Slay queens turn their beauty into business, charging big bucks for hosting lavish parties at nightclubs around Joburg. Ntombizodwa Makhoba spoke to a new generation of slay queens. Mpumelelo Buthelezi took the photographs.
Semakaleng “Mongy” Mathobela
Instagram followers: 57 900
Semakaleng ‘Mongy’ Mathobela
Mathobela (27) from Seshego, Limpopo, “ran away” to Johannesburg six years ago, looking for a better life. For some time her family didn’t even know where she was.
Judged by her neighbours for having her first child at 17 years old, Mathobela says: “I felt I didn’t belong. I wanted to start a new life anywhere that no one knew about my background or my past. Johannesburg was the perfect place for me.”
She shared a tiny apartment with five friends and sold clothes, as well as Brazilian and Indian hair, to survive. She wanted a luxury lifestyle, which she couldn’t afford because the money she received from older men, her “blessers”, was not enough for what she wanted.
“I started looking for a job as a host in a nightclub. My first night’s salary was more than R1 500 and I realised I could make money on my own without depending on older men,” she says.
Today she charges at least R10 000 per appearance and has graduated from hosting in Johannesburg to hosting abroad. She recently hosted at a concert in Dubai and made R20 000 in a day.
“Who says slay queens are poor?” she asked during an interview in her home.
“Look at my apartment! I also have a bed and my fridge is full.”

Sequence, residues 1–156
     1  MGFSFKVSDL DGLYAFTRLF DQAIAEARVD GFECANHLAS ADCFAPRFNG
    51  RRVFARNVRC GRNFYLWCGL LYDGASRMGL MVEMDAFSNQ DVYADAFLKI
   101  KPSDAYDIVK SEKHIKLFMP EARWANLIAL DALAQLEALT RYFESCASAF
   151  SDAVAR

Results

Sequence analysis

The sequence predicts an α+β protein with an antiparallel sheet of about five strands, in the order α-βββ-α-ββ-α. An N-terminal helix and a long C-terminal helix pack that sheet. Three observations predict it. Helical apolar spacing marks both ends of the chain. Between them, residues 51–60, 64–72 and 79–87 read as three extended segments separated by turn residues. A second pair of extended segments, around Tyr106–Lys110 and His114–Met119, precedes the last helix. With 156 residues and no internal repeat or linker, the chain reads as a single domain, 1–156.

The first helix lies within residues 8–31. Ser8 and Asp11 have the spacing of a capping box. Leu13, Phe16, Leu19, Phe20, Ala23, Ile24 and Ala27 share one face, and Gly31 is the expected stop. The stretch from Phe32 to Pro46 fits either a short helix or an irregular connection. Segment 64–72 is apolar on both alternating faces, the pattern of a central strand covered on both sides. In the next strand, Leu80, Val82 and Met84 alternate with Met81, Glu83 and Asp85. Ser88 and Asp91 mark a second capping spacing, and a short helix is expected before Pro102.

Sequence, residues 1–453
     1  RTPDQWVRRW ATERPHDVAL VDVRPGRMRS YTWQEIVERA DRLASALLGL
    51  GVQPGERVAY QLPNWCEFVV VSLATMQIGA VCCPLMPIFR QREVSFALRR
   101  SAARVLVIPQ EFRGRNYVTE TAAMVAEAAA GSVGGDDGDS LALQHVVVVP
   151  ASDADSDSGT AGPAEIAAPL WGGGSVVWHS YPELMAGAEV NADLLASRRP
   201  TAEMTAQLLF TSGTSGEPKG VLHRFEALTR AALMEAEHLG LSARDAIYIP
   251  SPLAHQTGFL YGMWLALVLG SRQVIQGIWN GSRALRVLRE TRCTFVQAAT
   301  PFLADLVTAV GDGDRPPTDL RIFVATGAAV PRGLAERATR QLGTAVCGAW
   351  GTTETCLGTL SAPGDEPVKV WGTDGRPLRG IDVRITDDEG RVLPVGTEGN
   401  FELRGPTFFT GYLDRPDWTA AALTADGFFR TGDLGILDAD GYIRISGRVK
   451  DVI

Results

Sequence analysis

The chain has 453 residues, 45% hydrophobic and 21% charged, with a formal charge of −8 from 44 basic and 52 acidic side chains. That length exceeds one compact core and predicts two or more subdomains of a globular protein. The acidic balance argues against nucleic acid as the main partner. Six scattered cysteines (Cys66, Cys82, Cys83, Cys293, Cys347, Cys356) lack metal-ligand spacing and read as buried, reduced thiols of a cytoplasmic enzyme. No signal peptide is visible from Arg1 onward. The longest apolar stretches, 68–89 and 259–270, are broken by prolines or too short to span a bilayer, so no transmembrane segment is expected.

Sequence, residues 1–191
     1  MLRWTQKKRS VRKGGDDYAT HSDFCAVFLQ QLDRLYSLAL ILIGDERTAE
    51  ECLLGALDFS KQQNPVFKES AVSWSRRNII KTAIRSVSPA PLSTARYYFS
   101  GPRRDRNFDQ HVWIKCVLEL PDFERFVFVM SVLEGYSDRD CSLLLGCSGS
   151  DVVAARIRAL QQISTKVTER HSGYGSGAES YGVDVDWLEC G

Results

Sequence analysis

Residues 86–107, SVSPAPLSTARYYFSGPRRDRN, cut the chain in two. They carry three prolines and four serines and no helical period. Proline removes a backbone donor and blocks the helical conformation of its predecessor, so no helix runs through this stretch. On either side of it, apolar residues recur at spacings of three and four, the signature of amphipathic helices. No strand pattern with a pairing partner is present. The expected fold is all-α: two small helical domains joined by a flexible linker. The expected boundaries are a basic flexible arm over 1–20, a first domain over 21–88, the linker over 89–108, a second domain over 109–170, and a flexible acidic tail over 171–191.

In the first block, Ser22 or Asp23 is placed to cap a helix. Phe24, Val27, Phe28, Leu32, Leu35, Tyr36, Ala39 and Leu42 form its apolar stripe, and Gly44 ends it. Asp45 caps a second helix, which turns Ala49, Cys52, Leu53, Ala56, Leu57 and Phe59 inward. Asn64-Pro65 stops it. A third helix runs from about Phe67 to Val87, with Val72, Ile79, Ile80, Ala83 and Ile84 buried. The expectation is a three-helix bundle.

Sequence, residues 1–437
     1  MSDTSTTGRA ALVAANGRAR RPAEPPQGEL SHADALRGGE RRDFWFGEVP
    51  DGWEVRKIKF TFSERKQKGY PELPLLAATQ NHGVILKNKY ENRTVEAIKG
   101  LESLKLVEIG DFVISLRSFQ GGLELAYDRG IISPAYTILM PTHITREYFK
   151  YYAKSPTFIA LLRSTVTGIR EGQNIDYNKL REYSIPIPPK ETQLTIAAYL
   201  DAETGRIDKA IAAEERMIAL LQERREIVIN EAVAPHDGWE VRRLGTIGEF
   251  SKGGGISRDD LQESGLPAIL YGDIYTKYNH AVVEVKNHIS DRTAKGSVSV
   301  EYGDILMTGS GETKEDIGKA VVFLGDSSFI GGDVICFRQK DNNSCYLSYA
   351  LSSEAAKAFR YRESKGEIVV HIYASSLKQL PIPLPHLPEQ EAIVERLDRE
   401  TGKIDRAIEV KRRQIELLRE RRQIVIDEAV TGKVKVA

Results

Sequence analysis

Mathobela says a host’s responsibility is to attract big-spending patrons to clubs.
“They put your picture on the flyer, it attracts more clientele and big spenders who come and spend their money on alcohol,” she says.
A club owner told City Press that if they didn’t hire slay queens their nightclubs “would have been closed down by now”.
“Slay queens bring us business, entertaining crème de la crème patrons with huge budgets, so we need them in our clubs. We pay them from R3 000 upwards and make sure they have bouncers to protect them because we don’t want men to take advantage of them,” he said.
Mathobela says patrons do sometimes try to take advantage, but she “deals with them”.
She also met her boyfriend while on the job in a club eight months ago.
“No one will force us to go home with a man, we would do it willingly. If you love him you’ll go home with him, but it’s always a choice. If I like the same guy I am entertaining I will go with him,” she said.
Mathobela defines a slay queen as a woman who is always dressed to the nines, with her hair and make-up always on point; “a girl who is well put together, always ready for a perfect picture; someone who follows the latest trends and everyone wants to party with”.
She has diversified into business, working as an image consultant with her own skincare line and has a high-profile clientele.
“My wish is to be on the Forbes magazine. I want to share my story of how I [came from being] a village girl to being a businesswoman. But most importantly, when I die I want to be buried here in Sandton; it became my new home eight years ago. I will never go back.”
Instagram followers: 126 000
Lewis, from the Eastern Cape, quit her job in banking to become a slay queen.
“I was just fed up with a nine-to-five job,” she says.
She lost 20kg and shared her weight-loss journey on Instagram. As she sat at home thinking of how she could make money from her story, she received a direct message from a modelling agent asking if she would be keen to become a club host.
That was the beginning of her new career. Today, she describes herself as one who lives a lavish life at someone else’s expense.
“People compensate me to entertain them – for my time and beauty – without wanting sex as a trade exchange,” she explains.
Now she makes about R40 000 a month, more if she “isn’t lazy”. Club hosts also receive 10% of what the big spenders splash out on alcohol for the night.